While attending the J Street conference I wondered whether I had entered some alternative dimension, where facts known by the rest of the world, and basic principles of reasoning, just didn't operate in quite the same way as they do on the rest of planet Earth. I think I know what's operating.Read the whole thing.
Psychologists teach that an obsession is "a persistent disturbing preoccupation with an often unreasonable idea or feeling." There is a persistent theme on J Street: a Palestinian State must be created RIGHT NOW ("PSRN"), and it's almost as if there is a complete memory block about the refusals of varying forms of the state, including the original offer by the United Nations of yet another Arab State in 1947.
That PSRN is J Street's obsession is revealed by the fact that unanimity on that "solution" co-exists with radical disagreement about the nature of the problem. Here's an abbreviated list of the ideological positions you pass as you walk down J Street:
...Around the corner we learn from Knesset member Shlomo Molla that bilateral negotiations between Israel and the Arab Palestinians are the only way to move towards peace in the region. Two houses down on the same street, Tom Dine of Search for Common Ground tells us that bilateral movement is impossible, and instead a regional approach is the only possibility for peace. And that the only choice open to Israel is to create a PSRN.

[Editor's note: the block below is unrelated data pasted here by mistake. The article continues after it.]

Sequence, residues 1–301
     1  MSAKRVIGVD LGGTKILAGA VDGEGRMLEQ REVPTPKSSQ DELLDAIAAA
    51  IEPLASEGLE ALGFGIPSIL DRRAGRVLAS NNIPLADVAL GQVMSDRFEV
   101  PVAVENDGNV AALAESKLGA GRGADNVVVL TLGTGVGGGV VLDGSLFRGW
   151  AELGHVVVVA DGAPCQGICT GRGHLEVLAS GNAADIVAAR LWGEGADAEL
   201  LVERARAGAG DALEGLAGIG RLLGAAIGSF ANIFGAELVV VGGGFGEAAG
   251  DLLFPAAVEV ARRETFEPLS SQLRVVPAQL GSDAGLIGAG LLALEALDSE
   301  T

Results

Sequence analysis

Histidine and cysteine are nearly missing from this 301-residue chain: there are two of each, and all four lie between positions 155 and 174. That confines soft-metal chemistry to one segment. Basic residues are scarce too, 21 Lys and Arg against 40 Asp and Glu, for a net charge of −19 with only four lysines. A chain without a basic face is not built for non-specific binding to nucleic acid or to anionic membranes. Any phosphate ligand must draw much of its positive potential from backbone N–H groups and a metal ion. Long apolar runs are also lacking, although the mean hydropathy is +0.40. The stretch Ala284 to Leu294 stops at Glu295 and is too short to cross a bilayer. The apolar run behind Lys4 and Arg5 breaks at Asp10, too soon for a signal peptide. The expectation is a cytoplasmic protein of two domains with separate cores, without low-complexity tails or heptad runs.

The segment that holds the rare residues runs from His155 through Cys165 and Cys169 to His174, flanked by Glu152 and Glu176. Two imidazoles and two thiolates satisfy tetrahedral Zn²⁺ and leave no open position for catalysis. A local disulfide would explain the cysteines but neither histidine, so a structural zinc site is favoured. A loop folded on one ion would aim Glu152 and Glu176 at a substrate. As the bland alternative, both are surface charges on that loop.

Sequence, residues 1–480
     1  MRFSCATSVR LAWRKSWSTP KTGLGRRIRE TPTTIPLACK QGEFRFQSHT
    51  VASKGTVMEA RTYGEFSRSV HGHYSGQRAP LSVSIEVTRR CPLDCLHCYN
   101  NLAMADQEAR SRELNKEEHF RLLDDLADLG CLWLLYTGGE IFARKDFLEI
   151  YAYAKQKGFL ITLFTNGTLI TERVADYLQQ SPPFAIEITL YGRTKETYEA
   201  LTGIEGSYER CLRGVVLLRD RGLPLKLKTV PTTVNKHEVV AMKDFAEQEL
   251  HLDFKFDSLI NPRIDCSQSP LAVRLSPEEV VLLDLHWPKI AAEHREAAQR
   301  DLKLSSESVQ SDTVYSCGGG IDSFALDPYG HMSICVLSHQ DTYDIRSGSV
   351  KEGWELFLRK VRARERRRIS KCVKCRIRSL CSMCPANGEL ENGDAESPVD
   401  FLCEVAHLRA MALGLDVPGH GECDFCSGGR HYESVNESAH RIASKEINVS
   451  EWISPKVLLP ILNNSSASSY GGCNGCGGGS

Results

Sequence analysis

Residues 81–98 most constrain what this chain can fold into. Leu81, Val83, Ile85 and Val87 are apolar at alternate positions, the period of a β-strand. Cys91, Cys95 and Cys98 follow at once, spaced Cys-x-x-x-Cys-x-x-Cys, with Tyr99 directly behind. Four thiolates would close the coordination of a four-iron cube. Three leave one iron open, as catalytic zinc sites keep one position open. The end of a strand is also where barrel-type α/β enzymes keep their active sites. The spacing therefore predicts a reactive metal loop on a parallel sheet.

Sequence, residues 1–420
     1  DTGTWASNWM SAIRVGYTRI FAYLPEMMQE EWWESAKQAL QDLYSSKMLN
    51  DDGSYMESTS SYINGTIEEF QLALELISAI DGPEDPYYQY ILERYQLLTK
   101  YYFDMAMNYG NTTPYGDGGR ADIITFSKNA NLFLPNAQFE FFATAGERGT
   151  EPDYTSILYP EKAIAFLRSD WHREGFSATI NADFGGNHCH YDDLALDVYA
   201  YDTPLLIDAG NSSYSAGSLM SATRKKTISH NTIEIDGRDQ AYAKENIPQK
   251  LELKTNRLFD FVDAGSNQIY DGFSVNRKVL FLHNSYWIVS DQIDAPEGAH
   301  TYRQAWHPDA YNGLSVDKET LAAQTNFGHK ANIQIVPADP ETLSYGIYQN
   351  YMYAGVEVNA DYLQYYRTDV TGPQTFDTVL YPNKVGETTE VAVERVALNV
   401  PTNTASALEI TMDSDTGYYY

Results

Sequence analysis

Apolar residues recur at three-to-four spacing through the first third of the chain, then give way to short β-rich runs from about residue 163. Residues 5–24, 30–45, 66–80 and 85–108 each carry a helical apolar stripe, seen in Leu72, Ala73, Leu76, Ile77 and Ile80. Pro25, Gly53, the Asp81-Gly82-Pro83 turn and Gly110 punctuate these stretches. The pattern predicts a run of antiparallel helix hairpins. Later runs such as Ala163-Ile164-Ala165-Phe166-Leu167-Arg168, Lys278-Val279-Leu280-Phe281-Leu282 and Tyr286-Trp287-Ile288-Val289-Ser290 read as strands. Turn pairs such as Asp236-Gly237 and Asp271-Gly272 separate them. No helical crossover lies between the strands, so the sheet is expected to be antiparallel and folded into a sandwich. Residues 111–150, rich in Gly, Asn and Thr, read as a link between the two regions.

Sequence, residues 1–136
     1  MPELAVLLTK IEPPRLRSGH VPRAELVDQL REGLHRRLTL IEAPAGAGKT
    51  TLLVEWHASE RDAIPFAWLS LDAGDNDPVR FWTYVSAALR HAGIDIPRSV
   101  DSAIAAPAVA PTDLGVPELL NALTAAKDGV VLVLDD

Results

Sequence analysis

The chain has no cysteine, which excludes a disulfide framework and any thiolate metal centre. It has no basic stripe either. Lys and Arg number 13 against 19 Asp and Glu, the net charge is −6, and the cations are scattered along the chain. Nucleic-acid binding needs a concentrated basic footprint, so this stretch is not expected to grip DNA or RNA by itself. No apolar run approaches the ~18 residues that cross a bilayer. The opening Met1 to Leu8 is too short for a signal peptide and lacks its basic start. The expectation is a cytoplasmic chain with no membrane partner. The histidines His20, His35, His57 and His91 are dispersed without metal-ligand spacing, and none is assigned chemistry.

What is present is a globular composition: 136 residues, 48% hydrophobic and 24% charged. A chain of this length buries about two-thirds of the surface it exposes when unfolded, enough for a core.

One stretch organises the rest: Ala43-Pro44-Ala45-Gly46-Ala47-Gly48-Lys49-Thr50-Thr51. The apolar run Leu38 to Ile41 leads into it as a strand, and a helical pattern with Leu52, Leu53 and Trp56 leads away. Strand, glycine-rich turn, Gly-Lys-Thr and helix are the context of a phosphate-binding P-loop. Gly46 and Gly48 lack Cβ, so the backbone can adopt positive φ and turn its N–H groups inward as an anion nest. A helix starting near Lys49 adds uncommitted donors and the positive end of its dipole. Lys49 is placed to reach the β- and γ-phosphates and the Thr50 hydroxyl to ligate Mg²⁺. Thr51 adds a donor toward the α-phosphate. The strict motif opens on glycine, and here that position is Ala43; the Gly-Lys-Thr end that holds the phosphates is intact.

Just across J Street from these guys is New York Times reporter Roger Cohen who insists that the unrest in the Middle East is actually weakening Iran, while down the block we learn from the Saban Center's Shibley Telhami that Iran is the main threat in the region. Iran is weaker, says Cohen, so now is the time to create a Palestinian State, and Iran is the major threat, says Telhami, so now is the time to create a Palestinian State. Polar opposite reasoning, yet naturally both ineluctably lead to the conclusion that the only possible answer is the immediate creation of a Palestinian State.
Hebrew University professor Bernard Avishai berated Dennis Ross for wimpishly claiming that "bilateral negotiations is the only mechanism" for achieving peace. Avishai instead called for an "Obama Blueprint" in which the US uses its bully pulpit to galvanize "international momentum and pressure" (on Israel, of course), to create a Palestinian State. In the same building but down a few flights we heard from the ubiquitous Egyptian journalist Mona Eltahawy that the "West has become irrelevant" and that rather than the West, the region demands freedom and dignity for the Palestinians. Both agreed about one thing -- wait, I'm trying to remember -- oh yes, the need to create a PSRN.
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